The Wnt signaling pathway is an important mechanism conserved among most animal species. When the Wnt pathway is activated, the Axin/GSK-3/APC “destruction complex” is inhibited, which normally degrades the protein β-catenin in the absence of the Wnt signal. Stabilized β-catenin is able to enter the nucleus and act as a transcription factor, activating certain target genes. In the model organism Strongylocentrotus purpuratus (sea urchin), the Wnt pathway is responsible for activating genes that control the formation of the endomesoderm during embryogenesis. The early sea urchin embryo has nuclear β-catenin concentrated at the vegetal pole, while the animal pole has no detectable nuclear β-catenin. The animal pole eventually forms ectoderm, while the vegetal pole forms endomesoderm, largely due to this β-catenin gradient seen along the embryo. Therefore, the overall goal of the project is to determine why β-catenin is localized in the vegetal pole of the embryo by determining which Wnt components may play a role in this polarized degradation of β-catenin. To accomplish this, I examined several maternal components of the Wnt signaling to see if they too are present in some sort of gradient along the AV axis of the embryo.  Specifically, I used in situ hybridization to determine if mRNAs that encode the most abundant maternal Wnt ligands and Wnt receptors (including Wnt16, Fz and LRP6) are present in a gradient in the egg or early embryo. The results of the in situ experiments indicate that these Wnt components are not asymmetrically distributed.  I also used quantitative PCR (QPCR) to quantify the number of transcripts of many of the Wnt components in the egg, as well as to detect possible differences in Wnt mRNA levels between the animal and vegetal poles of the 16-cell stage embryo. The most abundant transcripts in the egg (greater than 500 transcripts per egg) were LRP6, Fz5/8, Fz and Wnt16. Fz9/10 was present at an intermediate level (67 transcripts per egg), while Wnt7, Wnt3, Wnt8, WntA, Wnt6, Wnt4, Wnt5, and Fz4 were present at extremely low levels (less than 20 transcripts per egg), making them highly unlikely candidates for contributing to β-catenin stabilization. Of the transcripts tested by QPCR in the 16-cell stage, all increased in transcript number from their respective levels in the egg, suggesting zygotic transcription is occurring. The QPCR data also did not indicate any signs of asymmetry between the animal and vegetal poles of the most abundant Wnt components in the 16-cell stage. Overall, asymmetry in the localization of maternal Wnt components is unlikely to contribute to the stabilization of β-catenin in the sea urchin embryo.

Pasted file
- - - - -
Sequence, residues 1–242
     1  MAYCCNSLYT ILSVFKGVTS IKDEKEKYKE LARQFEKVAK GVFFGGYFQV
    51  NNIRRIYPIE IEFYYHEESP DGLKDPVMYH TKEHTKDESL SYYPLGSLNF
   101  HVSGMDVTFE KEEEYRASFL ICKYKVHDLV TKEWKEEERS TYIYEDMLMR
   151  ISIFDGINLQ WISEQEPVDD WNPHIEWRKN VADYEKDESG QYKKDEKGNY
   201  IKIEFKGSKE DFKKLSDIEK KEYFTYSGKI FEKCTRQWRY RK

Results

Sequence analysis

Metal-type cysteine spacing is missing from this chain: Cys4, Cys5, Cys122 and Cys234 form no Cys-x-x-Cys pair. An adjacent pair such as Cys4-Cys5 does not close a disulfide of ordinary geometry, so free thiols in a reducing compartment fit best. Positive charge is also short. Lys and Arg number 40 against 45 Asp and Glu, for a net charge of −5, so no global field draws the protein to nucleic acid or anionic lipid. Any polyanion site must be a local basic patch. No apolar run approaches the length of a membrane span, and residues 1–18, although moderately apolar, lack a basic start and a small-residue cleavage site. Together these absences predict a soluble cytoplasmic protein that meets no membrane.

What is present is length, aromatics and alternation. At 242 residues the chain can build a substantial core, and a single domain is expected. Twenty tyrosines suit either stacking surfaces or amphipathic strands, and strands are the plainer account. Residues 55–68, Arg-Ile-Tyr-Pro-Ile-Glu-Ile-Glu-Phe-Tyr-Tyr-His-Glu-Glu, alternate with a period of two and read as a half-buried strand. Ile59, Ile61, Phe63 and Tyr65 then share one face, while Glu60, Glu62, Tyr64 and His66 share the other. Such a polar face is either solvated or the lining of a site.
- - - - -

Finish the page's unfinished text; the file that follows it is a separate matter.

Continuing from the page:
Kevin Watkins

Kevin Watkins, Mount Union College

Mentor: Dr. Aaron Mitchell

Gene Function Analysis in Candida albicans Using the UAU1 Cassette

Candida albicans is a fungus that naturally grows in the human body. However, upon environmental changes, C. albicans can become pathogenic. This is particularly relevant to those who are immunocompromised, including hospitalized patients. The goals of my research were to determine the function of nonessential genes that do not have homologues in nonpathogenic fungi and determine which genes are involved in reaction to stresses. We hypothesize that those genes that are nonessential and do not have homologues in nonpathogenic fungi may be involved in disease development. To elucidate this information, homozygous mutants were created and then assayed for potential defects. As C. albicans is an asexual diploid, research into the genetic basis of pathogenicity has required two successful rounds of transformation and, therefore, been slow. With the development of the UAU1 cassette, transformation is much easier and quicker as it requires only one round of transformation. Insertion mutations into three genes, ORF19.2003, ORF19.7056, and ORF19.943, individually yielded hypersensitivity to caspofungin, an antifungal drug that inhibits cell wall synthesis and repair. ORF19.2003 is most similar to a plasma membrane protein in Saccharomyces cerevisiae that serves as a choline/ethanolamine transporter. ORF19.7056 is most similar to a plasma membrane protein in S. cerevisiae that is a dicarboxylic amino acid permease. Lastly, ORF19.943 is most similar to a plasma membrane protein in S. cerevisiae that is a multicopper ferro-O2-oxidoreductase. As the enzyme, β-1,3-glucan synthase, that is a major component of cell wall synthesis is found in the plasma membrane, we believe that the three proteins are normally found in the neighborhood of or somehow interact with β(1-3) glucan synthase for it to properly carry out its function. Therefore, when these proteins are missing, cell wall synthesis is inhibited. This information furthers our understanding of how C. albicans reacts to a stress, namely caspofungin.